The Department of Linguistics offers two secondary fields, one in Historical Linguistics and the other in Linguistic Theory, for linguistics graduate students and for graduate students not enrolled in the linguistics Ph.D program.
Historical linguistics, the study of how languages change over time, subsumes both the general study of language change and the history of specific languages and language families. The intellectual spectrum thus defined bridges part of the gap between linguistic theory and the areas traditionally known as “philology.” At Harvard, the more theoretical aspects of historical linguistics are covered in courses offered by the Department of Linguistics, while courses dealing with the historical linguistics of specific languages are offered both by the Department of Linguistics and the relevant language departments.
Linguistic theory, the core of the modern field of linguistics, seeks to characterize the linguistic knowledge that normal human beings acquire in the course of mastering their native language between the ages of one and five. Studied as an internalized formal system, language is a source of insight into a wide range of human pursuits and abilities, some of them traditionally approached through the humanities, others through the social sciences, and others through the behavioral and natural sciences. The major divisions of linguistic theory are syntax, the study of sentence structure; phonology, the study of sounds and sound systems; morphology, the study of word structure; and semantics; the study of meaning. Courses in these areas regularly draw students from other Harvard departments, especially Psychology, Philosophy, and other departments associated with the Mind, Brain, Behavior Initiative. The secondary field in Linguistic Theory allows such students to receive official recognition for their linguistics coursework.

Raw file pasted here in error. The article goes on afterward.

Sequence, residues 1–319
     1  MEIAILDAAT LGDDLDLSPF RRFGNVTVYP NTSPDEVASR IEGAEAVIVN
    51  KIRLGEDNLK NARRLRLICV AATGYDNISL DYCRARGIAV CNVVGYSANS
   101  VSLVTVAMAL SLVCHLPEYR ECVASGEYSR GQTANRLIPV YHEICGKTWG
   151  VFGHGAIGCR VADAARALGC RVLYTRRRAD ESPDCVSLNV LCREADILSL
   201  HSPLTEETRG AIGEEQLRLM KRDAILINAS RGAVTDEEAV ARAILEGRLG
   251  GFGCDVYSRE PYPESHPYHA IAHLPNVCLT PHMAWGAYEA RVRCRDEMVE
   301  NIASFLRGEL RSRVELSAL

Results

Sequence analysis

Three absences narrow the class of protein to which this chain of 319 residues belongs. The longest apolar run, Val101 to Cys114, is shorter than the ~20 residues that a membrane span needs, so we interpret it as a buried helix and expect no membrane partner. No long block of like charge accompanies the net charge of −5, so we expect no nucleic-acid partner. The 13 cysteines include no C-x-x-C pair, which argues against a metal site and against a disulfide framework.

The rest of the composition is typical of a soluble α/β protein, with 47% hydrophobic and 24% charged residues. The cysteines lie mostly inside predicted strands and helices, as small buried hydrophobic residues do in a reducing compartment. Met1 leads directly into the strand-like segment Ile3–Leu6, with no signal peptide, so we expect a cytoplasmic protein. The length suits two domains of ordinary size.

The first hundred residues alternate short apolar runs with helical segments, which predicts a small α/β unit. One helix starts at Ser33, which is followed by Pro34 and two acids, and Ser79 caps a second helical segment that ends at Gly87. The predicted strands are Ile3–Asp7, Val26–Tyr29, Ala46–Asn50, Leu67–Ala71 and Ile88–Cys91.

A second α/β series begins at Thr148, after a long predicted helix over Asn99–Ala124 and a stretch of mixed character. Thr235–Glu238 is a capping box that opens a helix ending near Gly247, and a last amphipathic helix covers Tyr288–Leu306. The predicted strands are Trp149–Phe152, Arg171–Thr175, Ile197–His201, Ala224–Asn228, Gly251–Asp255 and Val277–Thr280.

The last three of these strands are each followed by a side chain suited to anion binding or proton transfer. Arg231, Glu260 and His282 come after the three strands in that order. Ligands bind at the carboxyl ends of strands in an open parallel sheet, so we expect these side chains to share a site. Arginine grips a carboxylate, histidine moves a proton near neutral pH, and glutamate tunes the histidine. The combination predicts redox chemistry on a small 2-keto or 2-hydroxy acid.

The contact person for Ph.D students wishing to pursue a secondary field in Linguistic Theory or Historical Linguistics is the Director of Graduate Studies in Linguistics.